Kraft’s wait for Cadbury helps square debt circle
Sometimes the wait can be worth it. Kraft’s sweetened offer for Cadbury followed four months of drooling over the British chocolatier that must have seemed like four years for Irene Rosenfeld, Kraft’s chief executive. But the delay had its benefits. Though the cheese and crackers conglomerate will have to raise more money to fund the final deal, that’s become easier and cheaper since Kraft launched its bid.
Kraft’s offer, now agreed by Cadbury’s board, promises a cash component of 500 pence per Cadbury share. That’s a 66 percent increase over the cash part of the lower and more stock-heavy proposal in September. Kraft’s sale of its pizza business to Nestle earlier this month will fund roughly 60 pence of that. Given Kraft’s modest cash holdings, the rest will have to be funded largely with debt — potentially some $10 billion of it.
In November, Kraft received commitments for 5.5 billion pounds ($9 billion) of funding from a cluster of banks including Citigroup, Deutsche Bank and HSBC. That’s still available and along with a separate revolving facility gives Kraft the borrowing capacity it needs. The downside is that the banks are only offering bridge financing that has to be replaced within a year.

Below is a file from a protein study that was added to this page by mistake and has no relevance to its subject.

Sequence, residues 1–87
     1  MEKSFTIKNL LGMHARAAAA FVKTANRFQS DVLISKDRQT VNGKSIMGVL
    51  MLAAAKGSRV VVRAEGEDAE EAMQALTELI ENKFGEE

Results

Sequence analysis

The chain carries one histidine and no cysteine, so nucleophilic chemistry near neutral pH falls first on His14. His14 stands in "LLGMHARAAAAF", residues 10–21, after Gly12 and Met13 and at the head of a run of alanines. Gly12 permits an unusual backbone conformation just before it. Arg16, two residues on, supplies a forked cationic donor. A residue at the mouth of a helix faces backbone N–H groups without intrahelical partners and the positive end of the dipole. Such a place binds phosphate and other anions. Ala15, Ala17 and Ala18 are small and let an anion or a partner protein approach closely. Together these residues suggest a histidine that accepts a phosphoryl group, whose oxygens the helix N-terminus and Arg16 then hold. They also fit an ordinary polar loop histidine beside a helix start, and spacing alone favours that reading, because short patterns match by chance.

Happily for Ms. Rosenfeld, the delay in snagging Cadbury has allowed conditions in the investment-grade corporate bond market to improve. Now, Kraft should have little trouble refinancing these bridge loans in the United States or Europe — and more cheaply than it could have hoped back in September. The average risk premium on better-rated corporate debt has dropped to 1.65 percentage points over Treasury yields, from 2.32 percentage points in early September, according to Barclays Capital.
Meanwhile, Moody’s Investors Service said on Tuesday that it doesn’t expect Kraft to lose its investment-grade rating, even though the company’s total debt load will rise to more than four times earnings before interest, tax, depreciation and amortization, according to CreditSights. That’s good for Ms. Rosenfeld: The investment-grade markets are generally deeper and more accommodating than junk bond markets.
Still, while the passage of time may have paid off for Ms. Rosenfeld getting to a deal, less patience is called for in refinancing Kraft’s bank debt. With the global economy still fragile, the strong credit revival could easily melt away. As soon as Kraft is confident of getting its hands on its British chocolate box, a trip to the bond markets is in order